State Board Of Higher Education Meeting Turns Into Nearly 5 Hour Hissy Fit


Yesterday the North Dakota House passed, by a wide margin, a budget for the university system which includes a more than $37 million increase in general fund appropriations and more than $95 million in one-time funding for building projects all for the 2015-2017 biennium.

That’s a pretty generous increase in the amount of tax dollars North Dakota citizens are laying out for the universities, coming as it does on top of a doubling of higher education spending over the last decade, but you couldn’t tell that from the way the university presidents reacted at a marathon State Board of Higher Education meeting.

It quickly turned into a sob fest so protracted that the board couldn’t complete its agenda. Vice Chancellor Linda Donlin sent out an email just before 7:00pm stating that the board was tabling the remainder of its agenda. The meeting had started at 2:00pm.

During their histrionics the university presidents accused the Legislature of politics, and one even claimed that faculty is having to take food subsidies according to this report from Forum reporter Anna Burleson:

“We had a funding formula,” North Dakota State College of Science President John Richman said at the meeting held in Bismarck. “I refuse to call what the House has given us a formula. It’s a political statement. We can discuss all day why, but it’s no longer a funding formula.” …

Williston State College President Raymond Nadolny said if the bill passed as is, he would have to cut faculty and staff, not sign on for a shared services agreement with UND, and completely eliminate two sports, among other things.

“The college is truly perplexed at what additional evidence is required to prove the fastest growing college in the state … is in need of support,” he said.

Valley City State University President Tisa Mason got emotional when she told the board that some of her employees have children using free and reduced lunch vouchers.

Richman complains about the lack of a formula, but the House didn’t break the formula at all, and his institution is getting a more than 9 percent boost in funding as a result of it. Valley City State, where some employees are supposedly getting food subsidies, got a 6 percent spending boost.

Here’s a graph showing what the House passed in funding for based funding in the 2015-2017 biennium compared to what the universities got for the  current 2013-2015 biennium. You’ll notice that Dickinson State saw a decrease in funding, but that’s because of a drop in their completed credit hours (they’re still getting hit by the fallout from the diploma mill scandal). Williston State College also took a slight reduction because of the formula, but the rest of the universities saw increases, albeit not on the level of what Governor Jack Dalrymlpe proposed.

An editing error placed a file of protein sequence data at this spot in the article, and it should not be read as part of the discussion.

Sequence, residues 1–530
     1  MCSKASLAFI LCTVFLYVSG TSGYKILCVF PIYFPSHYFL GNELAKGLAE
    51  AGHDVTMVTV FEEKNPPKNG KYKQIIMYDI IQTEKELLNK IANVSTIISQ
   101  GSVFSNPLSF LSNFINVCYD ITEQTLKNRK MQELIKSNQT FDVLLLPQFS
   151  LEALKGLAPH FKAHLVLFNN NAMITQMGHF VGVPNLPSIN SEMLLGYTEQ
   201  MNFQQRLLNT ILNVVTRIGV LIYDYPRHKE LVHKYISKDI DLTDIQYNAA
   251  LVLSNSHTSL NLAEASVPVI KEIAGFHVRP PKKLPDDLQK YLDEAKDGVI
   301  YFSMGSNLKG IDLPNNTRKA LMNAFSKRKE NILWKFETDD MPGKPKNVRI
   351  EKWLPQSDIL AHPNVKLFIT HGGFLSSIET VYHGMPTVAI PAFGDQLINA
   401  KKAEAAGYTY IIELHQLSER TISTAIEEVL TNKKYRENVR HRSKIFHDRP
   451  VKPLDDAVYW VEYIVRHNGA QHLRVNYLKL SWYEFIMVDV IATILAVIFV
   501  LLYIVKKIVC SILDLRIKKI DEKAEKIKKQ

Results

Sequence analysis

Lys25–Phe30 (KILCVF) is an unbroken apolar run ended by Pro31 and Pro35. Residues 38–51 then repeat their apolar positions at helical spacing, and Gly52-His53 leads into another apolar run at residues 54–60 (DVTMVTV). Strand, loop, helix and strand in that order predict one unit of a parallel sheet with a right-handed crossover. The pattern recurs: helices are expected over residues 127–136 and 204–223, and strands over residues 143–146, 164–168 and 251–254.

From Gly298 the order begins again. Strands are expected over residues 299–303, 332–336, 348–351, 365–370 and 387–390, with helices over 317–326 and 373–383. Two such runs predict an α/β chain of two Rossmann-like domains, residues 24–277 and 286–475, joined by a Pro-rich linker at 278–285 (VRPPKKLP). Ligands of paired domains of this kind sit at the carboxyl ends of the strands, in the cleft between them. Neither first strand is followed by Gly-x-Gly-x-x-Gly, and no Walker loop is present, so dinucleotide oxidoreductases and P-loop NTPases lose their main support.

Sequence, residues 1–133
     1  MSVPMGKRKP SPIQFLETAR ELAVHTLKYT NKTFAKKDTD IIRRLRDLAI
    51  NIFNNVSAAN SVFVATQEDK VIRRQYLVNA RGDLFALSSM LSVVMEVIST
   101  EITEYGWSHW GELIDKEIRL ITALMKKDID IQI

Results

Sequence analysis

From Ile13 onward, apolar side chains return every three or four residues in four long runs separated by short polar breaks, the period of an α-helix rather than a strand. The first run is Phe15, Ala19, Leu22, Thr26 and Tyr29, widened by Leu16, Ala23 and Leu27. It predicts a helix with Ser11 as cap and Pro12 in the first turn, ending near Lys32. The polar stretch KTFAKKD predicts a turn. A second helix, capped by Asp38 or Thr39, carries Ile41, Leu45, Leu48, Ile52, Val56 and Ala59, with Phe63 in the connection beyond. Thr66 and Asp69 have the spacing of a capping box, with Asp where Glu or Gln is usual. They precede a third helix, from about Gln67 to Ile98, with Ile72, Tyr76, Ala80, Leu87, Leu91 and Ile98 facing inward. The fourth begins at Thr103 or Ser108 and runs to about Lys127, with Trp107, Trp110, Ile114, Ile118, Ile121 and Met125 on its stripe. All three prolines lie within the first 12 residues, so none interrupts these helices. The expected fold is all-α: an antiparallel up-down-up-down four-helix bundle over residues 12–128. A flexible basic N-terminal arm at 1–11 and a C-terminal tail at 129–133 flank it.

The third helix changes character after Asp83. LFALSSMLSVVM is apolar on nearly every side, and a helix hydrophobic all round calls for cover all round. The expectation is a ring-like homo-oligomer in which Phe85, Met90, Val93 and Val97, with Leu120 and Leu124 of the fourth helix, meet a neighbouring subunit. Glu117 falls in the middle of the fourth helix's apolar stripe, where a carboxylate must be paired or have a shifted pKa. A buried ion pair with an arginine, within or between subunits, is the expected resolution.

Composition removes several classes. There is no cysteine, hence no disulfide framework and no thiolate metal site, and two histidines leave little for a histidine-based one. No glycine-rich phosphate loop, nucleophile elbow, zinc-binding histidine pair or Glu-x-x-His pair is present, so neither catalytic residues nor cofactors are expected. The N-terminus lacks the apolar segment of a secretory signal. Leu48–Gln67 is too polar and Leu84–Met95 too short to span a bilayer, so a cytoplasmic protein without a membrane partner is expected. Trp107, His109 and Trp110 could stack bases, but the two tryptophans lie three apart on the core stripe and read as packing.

But remember, the state’s revenue forecast has been revised downward by more than $5 billion since he issued that budget:

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The presidents are angry because the increases they’re receiving are smaller than what Governor Jack Dalrymple budgeted for (the executive budget called for a more than $144 million increase, which would be a 20 percent increase). They’re whining as though their budgets were cut by House lawmakers, but that’s not the case. They’re just not getting as big an increase as they expected. And why should they? After years of duplicitous dealings with lawmakers, and questionable (at best) spending practices, it may be time for them to lump it and prioritize their budgets.

Especially with the state grappling with revenue uncertainties due to oil declines. And keep in mind, it’s not like enrollment has been exploding at these universities. This chart from legislative council shows total legislative appropriations contrasted with enrollment growth. Notice that one of these lines is essentially flat:


And is the House sending a “political statement” to the universities?

Absolutely. One that’s long overdue. And it’s not just about money.

The bill also moved the university system’s lawyers and auditors out of the university system and into the Attorney General and State Auditor offices, respectively (which is something I posted about earlier). It requires that the university presidents undergo performance reviews (something the State Board of Higher Education has balked at). It has additional reporting requirements for the use of appropriated funds and scholarships. It even requires some consolidation of IT departments after a series of privacy breaches has rocked the university system.

In short, this isn’t just a budget. This is a budget and substantial reforms for the way the university system is monitored and governed.

I’m inclined to believe that the reaction at tonight’s SBHE meeting was an endorsement. Giving the university presidents what they want has led us down a path of waste, fraud, and mediocrity. It’s time for the grownups to step in.